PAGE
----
By Duane Grant: Rupert, Idaho
Some people can pick between Coke and Pepsi in blind taste tests. Only a few can explain what separates bourbon from whiskey. And it often takes a parent to know which twin is which.
Yet nobody—absolutely nobody—can tell the difference between sugar that comes from GMO crops and sugar that doesn’t.
You can look at the sugar with your eyes. You can taste it with your mouth. You can even have expert scientists study it at the molecular level using ultra-powerful gas-spectrometer analysis.
And still, nobody can tell the difference.
So why would anybody want the U.S. Department of Agriculture to try?
A few anti-biotech activists are demanding that USDA make the futile attempt, as part of a new federal GMO disclosure law. Over the next few months, regulators will propose a series of specific rules—and one of the first they’ll have to consider involves refined products.
“USDA’s biggest task in writing the rule may be deciding whether highly refined produces like beet sugar, soybean oil, and high fructose corn syrup would need to be labeled because they are derived from genetically modified plants,” wrote Agri-Pulse, a weekly newsletter.
This may be a big task, but it has a simple answer: Putting GMO labels on highly refined products is pointless.
In July, President Obama signed the Safe and Accurate Food Labeling Act, passed a few weeks earlier by bipartisan majorities in Congress. It wiped out the threat of states creating a confusing patchwork of expensive and contradictory regulations for labeling food with GMO ingredients. In return, the law mandated national standards—and now it’s up to USDA officials to propose what this will mean in practice.
Logic would suggest that a food should carry a GMO label only when some element of it can be traced back to a GMO source.
With highly refined products, however, this is impossible—and sugar offers a great example of why.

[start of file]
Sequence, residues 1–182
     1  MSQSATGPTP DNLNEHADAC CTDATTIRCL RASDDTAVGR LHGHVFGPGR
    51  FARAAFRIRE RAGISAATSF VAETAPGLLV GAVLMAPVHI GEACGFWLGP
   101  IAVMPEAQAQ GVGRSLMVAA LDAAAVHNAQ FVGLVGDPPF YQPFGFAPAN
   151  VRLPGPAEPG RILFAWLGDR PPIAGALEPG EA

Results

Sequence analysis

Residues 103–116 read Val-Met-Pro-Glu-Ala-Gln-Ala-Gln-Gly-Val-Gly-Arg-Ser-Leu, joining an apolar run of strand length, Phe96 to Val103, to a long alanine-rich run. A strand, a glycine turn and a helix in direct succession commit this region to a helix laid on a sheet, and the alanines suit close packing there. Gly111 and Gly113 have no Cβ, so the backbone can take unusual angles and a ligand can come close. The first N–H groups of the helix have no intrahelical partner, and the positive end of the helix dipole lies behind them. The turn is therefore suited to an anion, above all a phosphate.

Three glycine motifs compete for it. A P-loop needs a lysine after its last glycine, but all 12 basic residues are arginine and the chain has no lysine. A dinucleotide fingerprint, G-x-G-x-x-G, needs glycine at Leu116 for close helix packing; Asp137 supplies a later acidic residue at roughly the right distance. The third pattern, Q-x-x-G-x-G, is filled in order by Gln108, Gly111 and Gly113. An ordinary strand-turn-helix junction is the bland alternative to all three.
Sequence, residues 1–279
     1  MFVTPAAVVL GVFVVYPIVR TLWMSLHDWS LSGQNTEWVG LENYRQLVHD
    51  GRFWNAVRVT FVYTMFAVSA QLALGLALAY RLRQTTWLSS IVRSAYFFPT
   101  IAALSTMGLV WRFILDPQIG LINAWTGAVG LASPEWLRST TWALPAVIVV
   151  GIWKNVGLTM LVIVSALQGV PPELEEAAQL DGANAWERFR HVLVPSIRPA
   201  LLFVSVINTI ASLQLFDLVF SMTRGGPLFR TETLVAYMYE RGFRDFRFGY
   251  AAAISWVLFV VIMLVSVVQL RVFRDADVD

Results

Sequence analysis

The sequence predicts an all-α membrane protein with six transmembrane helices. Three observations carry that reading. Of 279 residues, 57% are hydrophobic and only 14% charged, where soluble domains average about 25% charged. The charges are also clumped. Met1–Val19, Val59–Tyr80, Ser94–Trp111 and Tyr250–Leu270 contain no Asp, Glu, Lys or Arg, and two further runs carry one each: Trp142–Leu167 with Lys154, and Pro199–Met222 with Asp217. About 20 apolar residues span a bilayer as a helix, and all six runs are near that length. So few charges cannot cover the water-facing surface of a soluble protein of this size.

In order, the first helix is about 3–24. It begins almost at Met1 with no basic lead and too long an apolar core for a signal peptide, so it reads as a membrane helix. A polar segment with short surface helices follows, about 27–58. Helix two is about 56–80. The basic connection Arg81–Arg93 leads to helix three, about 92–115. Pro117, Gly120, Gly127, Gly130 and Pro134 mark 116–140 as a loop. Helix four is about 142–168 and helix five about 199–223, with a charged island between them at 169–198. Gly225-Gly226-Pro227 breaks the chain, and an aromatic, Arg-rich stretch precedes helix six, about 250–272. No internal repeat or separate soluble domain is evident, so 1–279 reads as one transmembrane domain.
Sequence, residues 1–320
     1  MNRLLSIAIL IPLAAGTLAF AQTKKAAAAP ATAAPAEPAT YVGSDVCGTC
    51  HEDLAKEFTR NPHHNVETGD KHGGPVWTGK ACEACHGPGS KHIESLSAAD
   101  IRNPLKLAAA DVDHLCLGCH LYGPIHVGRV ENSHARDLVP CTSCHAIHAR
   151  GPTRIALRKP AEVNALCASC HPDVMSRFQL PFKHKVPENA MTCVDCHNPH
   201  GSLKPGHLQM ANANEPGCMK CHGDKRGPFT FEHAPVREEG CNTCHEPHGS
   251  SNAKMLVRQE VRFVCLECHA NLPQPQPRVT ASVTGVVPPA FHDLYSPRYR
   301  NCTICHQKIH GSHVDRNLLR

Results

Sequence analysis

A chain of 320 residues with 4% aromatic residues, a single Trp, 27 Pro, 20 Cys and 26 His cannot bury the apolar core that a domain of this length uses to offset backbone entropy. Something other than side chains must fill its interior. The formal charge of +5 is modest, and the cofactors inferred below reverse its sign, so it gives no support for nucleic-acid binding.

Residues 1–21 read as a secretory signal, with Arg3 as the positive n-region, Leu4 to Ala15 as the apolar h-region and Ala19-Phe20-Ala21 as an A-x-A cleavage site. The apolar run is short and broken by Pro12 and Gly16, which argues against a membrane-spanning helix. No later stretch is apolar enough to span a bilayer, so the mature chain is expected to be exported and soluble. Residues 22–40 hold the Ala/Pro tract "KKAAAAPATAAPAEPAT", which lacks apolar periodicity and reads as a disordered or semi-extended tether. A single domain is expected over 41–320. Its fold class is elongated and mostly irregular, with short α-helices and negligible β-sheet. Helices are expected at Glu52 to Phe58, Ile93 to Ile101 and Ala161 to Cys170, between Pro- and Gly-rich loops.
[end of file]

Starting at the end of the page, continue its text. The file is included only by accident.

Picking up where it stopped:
I grow sugar beets on about 7,000 acres in Idaho, and also belong to a cooperative that supplies about 10 percent of America’s sugar.
We prefer to grow GMO beets because they make economic and environmental sense, helping farmers like me to fight weeds and conserve natural resources as we produce more food on less land than ever before.
When we harvest our beets, we pull up the conical roots that contain a high concentration of sucrose. Next we slice them into strips that look like French fries. Then we boil these pieces, freeing the sucrose from the fiber. Finally, we evaporate the water and crystalize the sucrose, producing the pure white sugar that you buy in grocery stores.
By the time this intense process of refinement converts our crops into granules of sugar, it has erased any indication that the original plant was the product of biotechnology.
Even if it didn’t, it wouldn’t much matter: GMO foods are safe and healthy to eat, according to everybody who has examined the matter, from the American Medical Association to the World Health Organization.
Yet nothing distinguishes the sugar of GMO beets from the sugar of organic beets. They are totally the same, all the way down to the molecular level.
So why would we want to label sugar as GMO or non-GMO? It doesn’t make any sense.
It would also be a lie.
We label products to inform consumers about their contents. Slapping a GMO label on a package of sugar, however, would reveal nothing about the makeup of the sugar. It would simply identify a mode of agricultural production.
That’s not a label for food. That’s a label for a farming practice, which is not the same thing. Pretending otherwise is either an act of ignorance or an act of deception, and it’s outside the scope of the Safe and Accurate Food Labeling Act, too.
As regulators develop the particular rules that will govern the details of the new federal law, they may encounter a number of thorny questions with no obvious answers. The labeling of highly refined products, however, is not one of them.
This is a clear case of a rule that doesn’t need to be written.
Duane Grant grows potatoes, malt barley, sugar beets, corn, dry beans, alfalfa wheat and onion seed on a family farm in Idaho. Mr. Grant is a member of the Global Farmer Network.
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